A Bisl Torah

What’s Missing?

One of the main themes of Passover is humility. We eat matzah that is flattened as a reminder to calm down our often puffed up egos. But I think we forget to concentrate on that which is missing: The yeast.

As many bakers witness, yeast is activated by triggering agents. Hot water and sugar allow those familiar bubbles to emerge in the beginning process of baking bread or challah. It takes an activator for the dough to rise. There are particular ingredients that cause the yeast, if you will, to come alive.

Spiritually, our egos may not be so different. When engaged with what feels like threatening situations, our chests puff out, activated to protect our seemingly fragile hearts. When someone shakes up what feels comfortable, disturbs the status quo, pushes boundaries or offers what may be an unwelcome change, we react. We rise up, sometimes with anger, bravado, words we didn’t mean, actions we later regret. We’re activated. And sometimes, we’re out of control.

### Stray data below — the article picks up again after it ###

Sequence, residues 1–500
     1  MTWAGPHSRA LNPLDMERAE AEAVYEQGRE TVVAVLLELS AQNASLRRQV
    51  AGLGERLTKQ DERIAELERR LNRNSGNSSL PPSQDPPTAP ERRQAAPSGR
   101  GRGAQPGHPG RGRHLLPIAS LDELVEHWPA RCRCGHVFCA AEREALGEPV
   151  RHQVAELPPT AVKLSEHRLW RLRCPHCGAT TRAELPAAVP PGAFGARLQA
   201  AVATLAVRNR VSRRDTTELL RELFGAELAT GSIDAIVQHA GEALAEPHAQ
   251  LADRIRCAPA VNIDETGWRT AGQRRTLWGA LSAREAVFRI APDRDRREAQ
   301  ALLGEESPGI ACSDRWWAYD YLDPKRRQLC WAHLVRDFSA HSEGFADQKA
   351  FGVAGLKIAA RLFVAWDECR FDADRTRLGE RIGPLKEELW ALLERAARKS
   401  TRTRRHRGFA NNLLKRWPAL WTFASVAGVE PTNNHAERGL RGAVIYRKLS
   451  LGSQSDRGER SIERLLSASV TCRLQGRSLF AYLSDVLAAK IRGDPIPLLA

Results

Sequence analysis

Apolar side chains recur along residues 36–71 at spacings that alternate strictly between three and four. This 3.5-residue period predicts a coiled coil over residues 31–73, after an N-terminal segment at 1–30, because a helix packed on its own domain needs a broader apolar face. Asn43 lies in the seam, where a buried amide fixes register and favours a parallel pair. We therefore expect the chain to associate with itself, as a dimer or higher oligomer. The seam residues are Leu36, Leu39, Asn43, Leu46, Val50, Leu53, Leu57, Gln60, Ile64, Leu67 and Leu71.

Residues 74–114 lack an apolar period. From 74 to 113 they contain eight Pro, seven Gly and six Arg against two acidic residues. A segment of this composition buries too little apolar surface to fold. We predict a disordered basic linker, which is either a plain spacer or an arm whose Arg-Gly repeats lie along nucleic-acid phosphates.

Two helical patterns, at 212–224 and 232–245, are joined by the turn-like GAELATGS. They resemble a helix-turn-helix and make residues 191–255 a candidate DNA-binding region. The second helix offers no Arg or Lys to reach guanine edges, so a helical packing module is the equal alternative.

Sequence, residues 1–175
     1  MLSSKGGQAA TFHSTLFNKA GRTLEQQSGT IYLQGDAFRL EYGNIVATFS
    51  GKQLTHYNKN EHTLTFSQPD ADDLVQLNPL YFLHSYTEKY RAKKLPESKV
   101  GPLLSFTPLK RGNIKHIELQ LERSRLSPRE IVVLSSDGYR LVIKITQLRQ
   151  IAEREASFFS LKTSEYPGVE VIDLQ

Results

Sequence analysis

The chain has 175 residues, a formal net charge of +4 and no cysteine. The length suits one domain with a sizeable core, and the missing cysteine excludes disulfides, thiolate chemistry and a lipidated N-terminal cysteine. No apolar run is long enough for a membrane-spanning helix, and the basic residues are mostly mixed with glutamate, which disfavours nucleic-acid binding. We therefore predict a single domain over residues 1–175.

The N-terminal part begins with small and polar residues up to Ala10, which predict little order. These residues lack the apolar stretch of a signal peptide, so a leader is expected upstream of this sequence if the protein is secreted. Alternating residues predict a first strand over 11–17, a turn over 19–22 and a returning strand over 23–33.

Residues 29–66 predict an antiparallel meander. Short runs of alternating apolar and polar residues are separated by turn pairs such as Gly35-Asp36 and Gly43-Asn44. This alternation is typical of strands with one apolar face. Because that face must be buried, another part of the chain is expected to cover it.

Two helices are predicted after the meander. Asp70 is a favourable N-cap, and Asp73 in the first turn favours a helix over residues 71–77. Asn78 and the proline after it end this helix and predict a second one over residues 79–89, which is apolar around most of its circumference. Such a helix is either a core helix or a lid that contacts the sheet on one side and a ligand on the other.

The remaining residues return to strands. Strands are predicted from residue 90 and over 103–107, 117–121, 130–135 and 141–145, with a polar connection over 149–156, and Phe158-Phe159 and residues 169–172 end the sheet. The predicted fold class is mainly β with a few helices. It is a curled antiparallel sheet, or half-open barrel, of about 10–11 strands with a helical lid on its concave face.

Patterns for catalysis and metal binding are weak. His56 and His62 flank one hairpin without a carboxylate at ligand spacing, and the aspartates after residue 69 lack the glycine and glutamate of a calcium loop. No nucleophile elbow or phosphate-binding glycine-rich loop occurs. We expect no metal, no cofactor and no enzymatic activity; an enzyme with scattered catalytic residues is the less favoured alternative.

Passover is a lens into those agents that trigger activation. The personalities that tend to cause our hearts to race. The environments that confuse us. The patterned moments that turn us into characters we don’t recognize. What agents should we name, remove, or even confront so that we remain steady, calm, humble and true to ourselves?

Matzah is the goal. But imagine the impact Passover will have if we consider how matzah is made, not letting the ever present yeast and activating agents in our world control who we are and who we want to be.

Enjoy your matzah-filled Pesach: Crunchy, humbling, and good for the soul.

Shabbat Shalom and Chag Sameach

In partnership with The Jewish Journal, you can also find Rabbi Guzik’s blog post HERE.

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